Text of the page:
"Madonna was reportedly deeply involved in the process of making her perfume. She has worked with Stephen Nilsen, Givaudan perfumer, to create the composition of white flowers on an intensive gourmand background. The scent is both a light and dark, opening with notes of gardenia, creamy tuberose and neroli. The heart consists of jasmine, benzoin and white lily, based on vanilla absolute, caramelized amber and sensual musk."
The bottle reminds me of Catholic holy water bottles. Catholicism seems to be a recurring theme throughout Madonna's work- along with cliched imitations of Marilyn Monroe & Marlene Dietrich.
I'm not seeing much evidence of an 'intensive gourmand' from your experience with ToD or what's written about it.
Sounds like Fracas done for modern tastes ('modern' in the sense of appeals to 20-30 yr olds, whom are apparently the main buyers of fragrance nowadays). Probably what Madonna was going for since Fracas is reported to be one of her MANY favorite frags- Fracas, IF(orders it in bulk), Hypnotic Poison, Folavril, Youth Dew, Fleurissimo, Perfect Veil, Dirt by Demeter, Eau D'Hadrien, Mat, Nanadaberry Pink, Child, Grand Amour, Nocturnes, Narcisse Noir, Nahema, JP Gaultier, Lorenzo Villoresi-(Sting & Trudy commisioned LV to create a custom musky oriental scent as a birthday gift), Pois De Senteur, Habit Rouge, Tuberose Indiana, Pink Lotus, Kisu, Escentric Molecules Molecule 01, Femme by Rochas, Shocking by Schiaparelli.
So Madonna likes loads of aldehydes, indoles, & white flowers with a little 'dirty' thrown in.
Purportedly this fragrance is popular with gay men also.
I'd buy it to layer also.
Speaking of cheapies for layering- I found a bottle of Perfumer's Workshop Tea Rose at our local 'departmental store'. Works brilliantly for goosing up the 'rose' note in my bottle of Dolce & Gabbana Rose the One. Why do these modern perfumes put a note like ROSE in the name then put so little ROSE in the product? Is that the new idea of 'light' or supposed to be the modern abstract interpretation of a perfume note- aka 'barely discernable'. I mean 'Rose the One' should mean rose is the predominant note right? No? Maybe?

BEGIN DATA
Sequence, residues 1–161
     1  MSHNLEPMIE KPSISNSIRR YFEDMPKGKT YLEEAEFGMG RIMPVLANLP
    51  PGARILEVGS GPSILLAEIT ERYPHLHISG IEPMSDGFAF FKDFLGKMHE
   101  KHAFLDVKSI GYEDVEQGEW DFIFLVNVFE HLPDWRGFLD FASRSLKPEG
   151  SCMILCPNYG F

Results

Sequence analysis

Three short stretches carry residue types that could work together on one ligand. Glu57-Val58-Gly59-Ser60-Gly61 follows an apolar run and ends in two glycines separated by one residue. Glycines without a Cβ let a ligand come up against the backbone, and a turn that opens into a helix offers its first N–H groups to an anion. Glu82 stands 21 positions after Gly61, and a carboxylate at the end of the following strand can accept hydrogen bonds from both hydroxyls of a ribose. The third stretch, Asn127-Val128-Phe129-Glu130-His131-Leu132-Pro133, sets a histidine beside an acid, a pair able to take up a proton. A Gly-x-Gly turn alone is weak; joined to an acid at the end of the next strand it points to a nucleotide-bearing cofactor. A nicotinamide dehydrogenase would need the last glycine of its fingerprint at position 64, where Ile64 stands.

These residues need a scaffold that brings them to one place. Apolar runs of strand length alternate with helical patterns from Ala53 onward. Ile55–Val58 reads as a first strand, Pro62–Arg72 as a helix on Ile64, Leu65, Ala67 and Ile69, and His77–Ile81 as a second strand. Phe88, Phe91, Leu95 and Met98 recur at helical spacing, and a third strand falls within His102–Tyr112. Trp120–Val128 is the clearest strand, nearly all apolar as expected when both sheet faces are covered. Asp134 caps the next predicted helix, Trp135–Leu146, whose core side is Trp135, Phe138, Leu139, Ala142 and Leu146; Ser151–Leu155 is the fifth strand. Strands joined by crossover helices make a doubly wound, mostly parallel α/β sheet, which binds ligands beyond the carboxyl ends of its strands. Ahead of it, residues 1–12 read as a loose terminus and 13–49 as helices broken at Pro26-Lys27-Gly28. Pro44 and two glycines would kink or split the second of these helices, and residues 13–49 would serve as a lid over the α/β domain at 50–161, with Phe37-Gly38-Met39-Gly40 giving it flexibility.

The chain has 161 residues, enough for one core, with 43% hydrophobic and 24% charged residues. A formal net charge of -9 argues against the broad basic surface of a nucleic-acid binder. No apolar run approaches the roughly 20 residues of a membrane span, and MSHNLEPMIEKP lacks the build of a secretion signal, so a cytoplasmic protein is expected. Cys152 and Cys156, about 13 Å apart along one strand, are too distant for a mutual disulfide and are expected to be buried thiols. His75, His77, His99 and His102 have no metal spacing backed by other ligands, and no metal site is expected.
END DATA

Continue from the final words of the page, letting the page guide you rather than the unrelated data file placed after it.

Goody said...


I think, "Rose" is getting used for the colour more than the smell these days. Cabotine Rose doesn't smell of roses at all, but cherries. I do like Tea Rose, but layered with anything even slightly lemon gives it the "Turkish Delight" note that some people can't abide. Heaven knows why that would be a problem, but it is the reason Danny isn't fond of Habit Rouge.

I can see Truth or Dare on a guy, gay or straight. To me, it smells extremely sweet, but I suppose I'm used to much drier, greener fragrances.

I'm a little sorry it isn't a splash bottle, as I could play Exorcist when applying it:
"The power of Christ commands you (to smell good)!

Mim said...

Hmm, suddenly this one becomes interesting! I wonder if any of my favourite discounters have it.

Goody said...

I think it would be rather inexpensive even at retail pricing. I continue to be amazed at just how good it is. Next thing, I'll be admitting that the One Direction fragrance isn't half bad (it isn't terrible, but I've only smelled it on others).